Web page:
Weed smoking tenant

TiffanyS

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#1
Hi there,







Need some help with this one`







I have a brand new tenant that just signed a 1 year lease with me. Since she`s moved in however the basement tenants have complained multiple times about her smoking weed in the house. I have talked to my upstairs tenant about this and given her a written warning that documented the dates and number of complaints.


Since the warning I`ve had yet another complaint about the smell of marijuana in the house, and so I have told her that she needs to find a new place to live. I wanted to give her September to find a new place to live and also give me time to find new tenants without being out a months rent.







Looking on advice on how to go about this? Do I need to serve her with an actual eviction notice? Because she is signed on for a full year can she refuse to leave? The lease obviously states that any illegal drug use is forbidden and grounds for eviction.

I just want to go about this in the best way possible







Thanks for your help :)


Tiffany
 

Sherilynn

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#2
In what province is the suite? Evictions work differently in each province. In Alberta, if you give an eviction notice and the tenant doesn't leave, that is considered to be an objection to the eviction and you must then go to the RTDRS to get an order of possession. That is why I skip the eviction and go straight to the RTDRS.



The problem is that you will be unable to prove that it was marijuana. The tenant will call it incense and the courts will accept that because there are several types of incense that smell just like dope (including traditional Native Sweetgrass). This means that your only hope of eviction is that you have a non-smoking term in your lease and you find actual evidence that she has been smoking in the suite. And it is very difficult to get an eviction based on smoking. All the tenant has to do is promise to never do it again.



If you really want to get rid of this person, your best bet is likely to offer her money to leave.
 

TiffanyS

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I am in Calgary, Alberta.


I do have a non smoking clause in the lease.


She has admitted via phone records that I have saved (txt messaging) that she has smoked in the house and had agreed to only smoke outside of the premises after our first conversation.


She is a great tenant so far otherwise and I don`t necessarily want her to leave however the downstairs tenants are now saying they will be leaving if she doesn`t stop or move out.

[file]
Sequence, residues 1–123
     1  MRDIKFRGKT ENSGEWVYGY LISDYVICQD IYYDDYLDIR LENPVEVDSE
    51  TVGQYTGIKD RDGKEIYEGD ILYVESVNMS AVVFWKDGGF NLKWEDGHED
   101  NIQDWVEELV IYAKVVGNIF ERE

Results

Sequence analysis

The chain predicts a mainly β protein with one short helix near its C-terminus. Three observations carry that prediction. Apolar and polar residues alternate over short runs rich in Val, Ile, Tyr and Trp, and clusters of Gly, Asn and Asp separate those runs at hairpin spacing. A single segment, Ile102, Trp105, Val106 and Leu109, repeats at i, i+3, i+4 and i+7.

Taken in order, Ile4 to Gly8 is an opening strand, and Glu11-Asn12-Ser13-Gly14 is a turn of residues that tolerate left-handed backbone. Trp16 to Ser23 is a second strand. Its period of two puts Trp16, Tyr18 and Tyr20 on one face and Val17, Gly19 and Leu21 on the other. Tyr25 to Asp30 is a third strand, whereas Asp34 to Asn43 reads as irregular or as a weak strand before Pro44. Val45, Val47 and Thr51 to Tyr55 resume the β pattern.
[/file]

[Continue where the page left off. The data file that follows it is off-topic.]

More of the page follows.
Thanks for the advice Sherilynn :)
 

invst4profit

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#4
To begin you need to change your opinion about your tenant. She is not a great tenant as you suggest as she is unwilling to follow rules and by doing so has upset other tenants. She is a terrible tenant.



Insist she leave, suggest you will be informing the police and by all means issue her a eviction notice if she does not agree to voluntarily leave immediately. Do not for one second believe anything she promises to do. From this point forward do not give an inch or agree to any compromises. If she does volunteer to leave send her a eviction notice telling her it is insurance that she will keep her promise. Never pay a tenant to leave, it's extortion and in the event she does not leave as agreed she can use the attempted bribe against you at a board hearing.



Tenants like her respond to only one thing, intimidation. She needs to understand if she does not leave you will make her stay as miserable as legally possible. If you are not up to the challenge let the other tenants move out and find a replacement that also smokes pot otherwise your problems will not end. The longer you stall at this point the less likely you will ever get rid of her.
 

Sherilynn

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#5
I disagree, Greg.



Without evidence of a lease violation, eviction won't work. And if smoking is the only violation, then it still won't work. Been there, done that. We had photos and witnesses and everything, and all the tenant had to do was say to the adjudicator "I promise I'll stop."